Jessica Lander, a teacher at a Boston-area high school and a good friend, published an essay in these pages the evening of Donald Trump’s victory that conveyed with subtle eloquence the anguish and disappointment millions of Americans woke up to on post-election morning. Her 120 or so students come from more than 30 countries, wear skins of multiple colors, embrace diverse religions, cultures, and sexual preferences. She found them afraid in the face of Trump’s triumph, fearful that they would be ostracized from the American dream or, worse, booted with their families out of the country.
Jessica raised exactly the right question: What can I tell my students?
In my view the answer is, plenty. True enough, during the campaign Trump often spoke like a vile and vicious lout and his election has emboldened hatemongers to bully many minority students. Nevertheless, his victory offers a perfect teaching moment, especially in a history class.
Here are some facts worth emphasizing:
A majority of voters rejected Trump and all he stands for. The Constitution is still in place, and so is the system of checks and balances.
Jessica, you can help your students understand Trump’s support in its full complexity. Trump polled about 62 million votes, only 46.7 percent of the voting electorate. Some large fraction of his supporters did not vote for racism, xenophobia, or misogyny. Poll estimates have it that he drew about 20 percent of the Latino vote and roughly 53 percent of the vote of white women.
Many of his supporters were simply angered by Hillary Clinton. I voted for her, but while she would have made a good or possibly even a great president, she was a far from perfect candidate (think only of the inept handling of the emails, the refusal to come clean about the Goldman Sachs speeches, the unseemly permeability between donations by foreigners to the Clinton Foundation and the apparent access they got to the State Department.)
Trust or lack of it aside, a large number of Trump voters have been hurting economically for years and live in small cities and rural towns that have been wasting away. So far as I can tell, Trump hasn’t a clue as to how he will restore their lives and communities; his promises to bring back their jobs strike me as empty. But he tapped a chord in these Americans the force of which Hillary Clinton failed to recognize, or recognized inadequately. Her campaign largely declined to seek the support of the white, blue-collar voters and rural discards whom Bill Clinton had courted and cared about so effectively. In fact, she insulted them with the thoughtless crack about half of them belonging in “a basket of deplorables.” So they turned to Trump or were reinforced in their commitment to him.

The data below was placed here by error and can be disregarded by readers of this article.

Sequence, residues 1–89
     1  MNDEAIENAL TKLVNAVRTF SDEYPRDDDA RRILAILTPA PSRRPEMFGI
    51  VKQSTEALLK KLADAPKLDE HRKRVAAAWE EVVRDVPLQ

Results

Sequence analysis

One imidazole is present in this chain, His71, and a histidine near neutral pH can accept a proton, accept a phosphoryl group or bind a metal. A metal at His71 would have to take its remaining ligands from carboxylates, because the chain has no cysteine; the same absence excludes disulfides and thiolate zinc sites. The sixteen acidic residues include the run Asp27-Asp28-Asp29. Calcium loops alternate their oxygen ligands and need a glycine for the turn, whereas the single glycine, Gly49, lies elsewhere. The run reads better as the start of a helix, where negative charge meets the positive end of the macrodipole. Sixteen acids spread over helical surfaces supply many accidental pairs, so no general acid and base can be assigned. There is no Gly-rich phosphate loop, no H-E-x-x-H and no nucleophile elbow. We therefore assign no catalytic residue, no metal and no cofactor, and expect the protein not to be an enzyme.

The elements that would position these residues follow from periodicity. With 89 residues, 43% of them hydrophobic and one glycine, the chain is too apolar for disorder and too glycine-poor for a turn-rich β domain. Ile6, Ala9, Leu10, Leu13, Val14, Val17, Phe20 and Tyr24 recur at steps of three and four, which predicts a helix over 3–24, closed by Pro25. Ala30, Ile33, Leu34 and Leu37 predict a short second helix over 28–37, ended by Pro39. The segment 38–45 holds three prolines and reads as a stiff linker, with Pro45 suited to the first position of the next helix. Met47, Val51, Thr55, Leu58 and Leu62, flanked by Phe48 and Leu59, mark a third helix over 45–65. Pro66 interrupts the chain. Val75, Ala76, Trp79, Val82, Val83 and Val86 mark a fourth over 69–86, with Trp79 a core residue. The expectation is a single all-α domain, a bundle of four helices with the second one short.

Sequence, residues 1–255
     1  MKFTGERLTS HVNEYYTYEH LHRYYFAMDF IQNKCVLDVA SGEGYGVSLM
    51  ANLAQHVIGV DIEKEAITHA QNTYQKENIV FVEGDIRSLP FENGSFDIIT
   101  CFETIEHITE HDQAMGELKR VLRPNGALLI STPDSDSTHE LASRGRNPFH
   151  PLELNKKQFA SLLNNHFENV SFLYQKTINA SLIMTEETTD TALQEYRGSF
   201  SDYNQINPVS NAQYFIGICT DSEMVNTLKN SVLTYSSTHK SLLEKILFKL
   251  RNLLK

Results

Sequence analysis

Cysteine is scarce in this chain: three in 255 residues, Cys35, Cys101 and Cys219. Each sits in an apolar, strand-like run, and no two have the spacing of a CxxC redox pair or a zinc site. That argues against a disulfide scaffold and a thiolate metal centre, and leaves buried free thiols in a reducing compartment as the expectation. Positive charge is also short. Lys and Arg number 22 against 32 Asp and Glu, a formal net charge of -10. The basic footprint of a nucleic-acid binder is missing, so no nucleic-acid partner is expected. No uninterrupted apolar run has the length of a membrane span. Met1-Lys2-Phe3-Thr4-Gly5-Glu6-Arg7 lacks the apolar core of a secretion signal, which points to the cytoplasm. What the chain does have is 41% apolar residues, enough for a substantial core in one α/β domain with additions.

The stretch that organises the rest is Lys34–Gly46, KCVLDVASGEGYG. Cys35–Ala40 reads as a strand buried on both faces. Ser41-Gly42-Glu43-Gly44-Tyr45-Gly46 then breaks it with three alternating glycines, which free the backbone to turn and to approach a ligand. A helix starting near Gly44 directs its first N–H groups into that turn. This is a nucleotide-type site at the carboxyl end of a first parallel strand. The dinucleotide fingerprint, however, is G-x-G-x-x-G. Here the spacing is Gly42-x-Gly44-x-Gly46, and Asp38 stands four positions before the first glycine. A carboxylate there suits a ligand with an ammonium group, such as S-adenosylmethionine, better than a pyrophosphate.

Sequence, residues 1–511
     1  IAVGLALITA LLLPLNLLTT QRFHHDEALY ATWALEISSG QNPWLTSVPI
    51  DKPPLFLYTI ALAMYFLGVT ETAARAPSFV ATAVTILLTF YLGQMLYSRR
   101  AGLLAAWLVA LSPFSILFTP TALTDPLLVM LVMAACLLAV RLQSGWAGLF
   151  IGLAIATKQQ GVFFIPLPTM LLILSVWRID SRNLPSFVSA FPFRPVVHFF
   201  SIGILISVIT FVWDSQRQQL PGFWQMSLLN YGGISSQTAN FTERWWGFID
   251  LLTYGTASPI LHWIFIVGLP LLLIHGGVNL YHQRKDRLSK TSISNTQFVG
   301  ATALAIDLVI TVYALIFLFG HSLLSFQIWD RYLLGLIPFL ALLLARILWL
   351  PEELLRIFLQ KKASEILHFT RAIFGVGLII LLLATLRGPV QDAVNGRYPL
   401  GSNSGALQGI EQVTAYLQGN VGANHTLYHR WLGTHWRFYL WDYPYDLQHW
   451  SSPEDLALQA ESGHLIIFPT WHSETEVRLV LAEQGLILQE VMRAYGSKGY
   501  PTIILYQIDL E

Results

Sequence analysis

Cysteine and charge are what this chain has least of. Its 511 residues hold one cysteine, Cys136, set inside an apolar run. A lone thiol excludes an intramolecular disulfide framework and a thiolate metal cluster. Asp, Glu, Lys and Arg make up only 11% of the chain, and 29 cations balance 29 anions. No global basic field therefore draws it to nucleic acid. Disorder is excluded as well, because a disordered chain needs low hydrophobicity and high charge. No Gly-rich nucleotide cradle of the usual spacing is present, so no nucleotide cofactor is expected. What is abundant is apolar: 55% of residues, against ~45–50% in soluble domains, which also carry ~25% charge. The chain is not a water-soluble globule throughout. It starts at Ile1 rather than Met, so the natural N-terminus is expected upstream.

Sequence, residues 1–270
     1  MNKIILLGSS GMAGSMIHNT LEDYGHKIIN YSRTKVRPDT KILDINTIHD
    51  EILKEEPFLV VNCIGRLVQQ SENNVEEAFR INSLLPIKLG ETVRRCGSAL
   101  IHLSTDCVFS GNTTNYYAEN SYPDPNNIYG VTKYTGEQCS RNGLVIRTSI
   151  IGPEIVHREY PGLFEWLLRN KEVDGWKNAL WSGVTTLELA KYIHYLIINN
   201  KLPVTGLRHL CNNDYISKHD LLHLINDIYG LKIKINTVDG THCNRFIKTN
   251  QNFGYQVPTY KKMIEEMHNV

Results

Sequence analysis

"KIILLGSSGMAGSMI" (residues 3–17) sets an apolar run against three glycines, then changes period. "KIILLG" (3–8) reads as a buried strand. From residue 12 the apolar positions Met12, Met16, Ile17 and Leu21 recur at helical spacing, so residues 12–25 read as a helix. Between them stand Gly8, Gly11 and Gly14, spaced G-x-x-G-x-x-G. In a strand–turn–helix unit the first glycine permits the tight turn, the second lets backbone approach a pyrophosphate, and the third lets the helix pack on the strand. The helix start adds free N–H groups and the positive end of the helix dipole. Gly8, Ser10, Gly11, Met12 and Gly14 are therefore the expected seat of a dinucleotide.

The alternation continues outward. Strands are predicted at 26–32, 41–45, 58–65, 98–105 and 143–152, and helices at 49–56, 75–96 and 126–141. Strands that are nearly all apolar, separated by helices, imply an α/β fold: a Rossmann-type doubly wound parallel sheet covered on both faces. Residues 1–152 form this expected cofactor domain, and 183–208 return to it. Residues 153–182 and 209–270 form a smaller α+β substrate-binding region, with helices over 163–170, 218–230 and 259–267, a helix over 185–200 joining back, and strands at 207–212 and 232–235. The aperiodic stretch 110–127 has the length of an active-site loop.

I could go on about all the conventional conservative reasons – a hostility to regulation, a hunger for lower taxes ― that swelled Trump’s vote. Suffice it to say that they have little if anything to do with racism, xenophobia, and sexism. Even if he offered no realistic plans, or any plans, for dealing with the Forgotten Man, as he collectively called them, borrowing Franklin Roosevelt’s phrase from the 1932 campaign, he gave voice to their seething resentments. As Salena Zito put it astutely in The Atlantic, “The press takes him literally, but not seriously; his supporters take him seriously, but not literally.”